Formula 1 has a lot of rules and they change frequently. The FIA, the sports independent governing body, police extremely detailed guidelines on every element of the sport from car dimensions to safety standards and these change year by year. This regulation is not always well received by everyone but it is necessary and also an opportunity. Winning teams have always been those who innovated in their design and found a way to integrate technologies into their car.
Most teams don’t apply innovative changes necessary in the car they are competing with, but they are already working on the car they will compete in the next championship.
4) Data Analytics: You can’t manage what you don’t measure
An enormous volume of data is generated by each individual car during a Formula 1 Grand Prix. It all began with stopwatches and chalkboards. Then, in the 1990s, things progressed toward basic computers—used to analyze the dozens of data points collected during testing—before finally reaching the mass data gathering and real-time analysis used today.
Data insights fuel decision-making in Formula 1. Team leaders need the right insights at the right time in order to make the strategic calls that will win the race. It is important to have a Plan B and C but even more important to know when to make the decision to switch.
This data is used not only to inform strategy during the race but is crucial for design improvements from one race to another and in developing the cars for future seasons.
5) Championship Winning Teamwork
F1 is the ultimate team sport. The drivers are superstars, often with millions of social media followers and multi-million-dollar endorsements, but every employee is a critical piece of the car’s performance and the overall performance of the team.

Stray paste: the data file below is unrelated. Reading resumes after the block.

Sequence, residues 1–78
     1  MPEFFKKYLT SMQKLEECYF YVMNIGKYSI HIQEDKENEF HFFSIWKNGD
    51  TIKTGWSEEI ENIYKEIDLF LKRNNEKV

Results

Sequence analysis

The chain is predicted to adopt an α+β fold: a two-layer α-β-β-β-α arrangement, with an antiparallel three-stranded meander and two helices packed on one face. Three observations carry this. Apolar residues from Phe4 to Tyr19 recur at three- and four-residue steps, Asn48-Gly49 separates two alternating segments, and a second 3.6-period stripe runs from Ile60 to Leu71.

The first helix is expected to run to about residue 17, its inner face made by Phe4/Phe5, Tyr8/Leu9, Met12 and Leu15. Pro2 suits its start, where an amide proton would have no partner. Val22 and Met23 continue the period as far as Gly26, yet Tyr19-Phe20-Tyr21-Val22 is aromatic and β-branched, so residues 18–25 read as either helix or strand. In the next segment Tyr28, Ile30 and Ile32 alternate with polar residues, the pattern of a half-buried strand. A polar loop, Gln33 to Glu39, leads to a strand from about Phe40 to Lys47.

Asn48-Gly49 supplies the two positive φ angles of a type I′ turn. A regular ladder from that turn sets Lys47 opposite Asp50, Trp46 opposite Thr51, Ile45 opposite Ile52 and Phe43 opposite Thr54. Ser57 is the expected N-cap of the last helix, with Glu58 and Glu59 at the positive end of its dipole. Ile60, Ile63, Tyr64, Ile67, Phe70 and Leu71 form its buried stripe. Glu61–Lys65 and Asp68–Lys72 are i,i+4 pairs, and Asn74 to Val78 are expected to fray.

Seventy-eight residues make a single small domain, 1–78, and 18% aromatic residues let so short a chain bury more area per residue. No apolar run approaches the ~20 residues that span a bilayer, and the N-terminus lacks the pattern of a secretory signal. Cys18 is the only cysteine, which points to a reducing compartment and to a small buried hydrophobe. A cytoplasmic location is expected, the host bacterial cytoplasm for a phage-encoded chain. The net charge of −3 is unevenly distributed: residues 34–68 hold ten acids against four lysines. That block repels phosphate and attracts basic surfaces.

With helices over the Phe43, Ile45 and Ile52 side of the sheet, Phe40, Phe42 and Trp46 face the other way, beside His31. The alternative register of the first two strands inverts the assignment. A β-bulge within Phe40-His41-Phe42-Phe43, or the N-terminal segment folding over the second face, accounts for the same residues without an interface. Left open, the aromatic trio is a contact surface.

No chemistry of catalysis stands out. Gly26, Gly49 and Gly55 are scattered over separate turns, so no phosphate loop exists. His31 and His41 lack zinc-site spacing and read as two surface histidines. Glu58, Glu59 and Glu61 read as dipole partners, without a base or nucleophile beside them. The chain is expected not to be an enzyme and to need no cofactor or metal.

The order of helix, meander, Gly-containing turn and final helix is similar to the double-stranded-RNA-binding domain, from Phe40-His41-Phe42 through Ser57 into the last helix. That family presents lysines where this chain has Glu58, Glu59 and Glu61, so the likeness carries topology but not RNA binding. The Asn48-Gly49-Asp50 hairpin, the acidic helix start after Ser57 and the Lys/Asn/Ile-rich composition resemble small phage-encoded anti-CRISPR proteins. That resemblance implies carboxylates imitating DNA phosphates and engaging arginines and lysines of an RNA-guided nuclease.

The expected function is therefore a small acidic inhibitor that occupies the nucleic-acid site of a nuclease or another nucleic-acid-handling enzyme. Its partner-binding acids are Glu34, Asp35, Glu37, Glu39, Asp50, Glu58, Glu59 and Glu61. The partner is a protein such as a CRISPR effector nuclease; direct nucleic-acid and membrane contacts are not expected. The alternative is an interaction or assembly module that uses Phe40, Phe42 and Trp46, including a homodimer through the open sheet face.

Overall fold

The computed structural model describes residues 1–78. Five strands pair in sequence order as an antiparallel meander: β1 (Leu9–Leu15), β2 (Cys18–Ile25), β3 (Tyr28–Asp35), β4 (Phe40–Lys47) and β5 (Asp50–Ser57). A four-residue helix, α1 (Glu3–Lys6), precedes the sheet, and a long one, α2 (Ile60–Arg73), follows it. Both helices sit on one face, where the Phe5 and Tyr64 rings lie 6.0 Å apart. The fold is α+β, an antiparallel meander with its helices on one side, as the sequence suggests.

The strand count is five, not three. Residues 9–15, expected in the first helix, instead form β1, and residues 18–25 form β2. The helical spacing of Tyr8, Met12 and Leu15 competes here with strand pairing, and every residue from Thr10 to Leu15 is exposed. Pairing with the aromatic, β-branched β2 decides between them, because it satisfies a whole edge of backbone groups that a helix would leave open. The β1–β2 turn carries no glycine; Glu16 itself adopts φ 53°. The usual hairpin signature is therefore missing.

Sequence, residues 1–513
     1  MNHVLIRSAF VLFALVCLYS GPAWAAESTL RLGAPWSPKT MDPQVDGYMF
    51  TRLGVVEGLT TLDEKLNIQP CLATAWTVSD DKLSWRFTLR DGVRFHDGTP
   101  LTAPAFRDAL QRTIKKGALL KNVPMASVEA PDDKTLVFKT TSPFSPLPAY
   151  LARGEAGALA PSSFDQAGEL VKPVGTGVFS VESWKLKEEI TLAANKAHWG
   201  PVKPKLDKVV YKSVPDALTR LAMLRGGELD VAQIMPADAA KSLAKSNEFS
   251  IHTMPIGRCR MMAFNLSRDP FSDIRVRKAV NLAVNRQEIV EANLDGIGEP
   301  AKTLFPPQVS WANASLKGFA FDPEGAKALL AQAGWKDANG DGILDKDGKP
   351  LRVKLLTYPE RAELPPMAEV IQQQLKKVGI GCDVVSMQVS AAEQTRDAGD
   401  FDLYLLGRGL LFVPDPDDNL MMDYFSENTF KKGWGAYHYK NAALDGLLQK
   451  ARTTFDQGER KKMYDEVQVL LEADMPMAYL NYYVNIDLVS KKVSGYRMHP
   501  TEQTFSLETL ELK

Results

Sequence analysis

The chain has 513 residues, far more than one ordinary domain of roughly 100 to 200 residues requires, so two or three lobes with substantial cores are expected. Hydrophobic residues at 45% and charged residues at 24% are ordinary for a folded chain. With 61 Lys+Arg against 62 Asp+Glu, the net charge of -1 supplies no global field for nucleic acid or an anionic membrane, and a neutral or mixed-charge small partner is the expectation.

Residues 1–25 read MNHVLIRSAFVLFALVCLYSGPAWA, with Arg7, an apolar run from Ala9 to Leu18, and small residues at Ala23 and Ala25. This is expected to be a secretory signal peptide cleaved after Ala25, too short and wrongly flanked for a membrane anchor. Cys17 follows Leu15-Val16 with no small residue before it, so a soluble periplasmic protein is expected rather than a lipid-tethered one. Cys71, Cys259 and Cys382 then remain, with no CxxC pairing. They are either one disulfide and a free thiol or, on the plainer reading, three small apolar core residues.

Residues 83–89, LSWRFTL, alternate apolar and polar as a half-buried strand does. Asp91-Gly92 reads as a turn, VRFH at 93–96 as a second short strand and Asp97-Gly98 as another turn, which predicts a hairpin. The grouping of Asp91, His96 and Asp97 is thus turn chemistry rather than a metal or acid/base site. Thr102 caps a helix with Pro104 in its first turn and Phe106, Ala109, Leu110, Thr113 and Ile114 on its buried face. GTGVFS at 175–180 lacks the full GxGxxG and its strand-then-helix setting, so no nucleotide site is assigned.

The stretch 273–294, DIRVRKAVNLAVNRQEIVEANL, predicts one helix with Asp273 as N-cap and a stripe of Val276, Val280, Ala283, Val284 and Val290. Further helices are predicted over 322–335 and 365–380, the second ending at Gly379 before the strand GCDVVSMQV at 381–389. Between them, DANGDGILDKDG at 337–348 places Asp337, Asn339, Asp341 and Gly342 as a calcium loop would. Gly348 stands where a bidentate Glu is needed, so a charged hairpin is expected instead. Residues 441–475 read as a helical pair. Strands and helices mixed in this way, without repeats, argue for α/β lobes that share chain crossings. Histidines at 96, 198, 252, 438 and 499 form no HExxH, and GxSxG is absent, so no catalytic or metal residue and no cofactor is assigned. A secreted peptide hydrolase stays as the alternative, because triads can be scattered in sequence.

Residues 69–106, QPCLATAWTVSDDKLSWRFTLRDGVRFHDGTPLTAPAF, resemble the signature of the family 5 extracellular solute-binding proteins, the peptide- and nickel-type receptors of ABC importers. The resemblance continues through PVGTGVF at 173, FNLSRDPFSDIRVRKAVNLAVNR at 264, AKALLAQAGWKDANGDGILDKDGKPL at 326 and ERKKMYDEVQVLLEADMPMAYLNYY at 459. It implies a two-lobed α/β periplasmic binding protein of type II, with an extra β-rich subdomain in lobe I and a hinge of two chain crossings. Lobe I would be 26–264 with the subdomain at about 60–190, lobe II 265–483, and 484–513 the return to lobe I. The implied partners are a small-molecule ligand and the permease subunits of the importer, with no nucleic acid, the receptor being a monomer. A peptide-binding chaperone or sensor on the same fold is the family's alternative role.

“What you see on the racetracks is just the tip of the iceberg. There is such a big structure below it; 90% of the car’s performance is done in the factory and even the tiniest of jobs is important. Each of us has an opposite number in the other organisations and you shouldn’t forget that. You might be thinking you are just adding a little bit to the car’s performance but if you do your job better than your opposite number in the other team, that brings lap times down. You know, it drives me nuts to see a dirty entrance to the building because I want everyone to come here and say ‘Wow, that’s how I expect a Formula One team to function.” Toto Wolff (Executive Director of Mercedes AMG F1 Team)
Smooth communication between the trackside team and the support staff at HQ is critical and this can also extend to partners such as engine manufacturers and other technical partners assisting the team’s overall race performance. In the heat of competition, it’s faultless execution and teamwork that really wins races and probably none more so than the pit stops in boxes.
Every team member has a specific duty to perform, they all know perfectly what their task is and they have to be perfectly synchronised to beat the competition.
BP) Partnerships Fuel Success
Teamwork doesn’t end inside the organisation.
The most successful F1 Teams carefully select partners that deliver best in class industry expertise to transform and help improve their performance. External partners become an extension of the team that bring specialist skills and insights that can result in competitive advantages.
As the margins between success and failure get ever finer, F1 teams are actively pursuing partnerships with deep technology businesses outside of engineering and manufacturing fields to drive future success, none more important than data collection, analysis, and visualisation.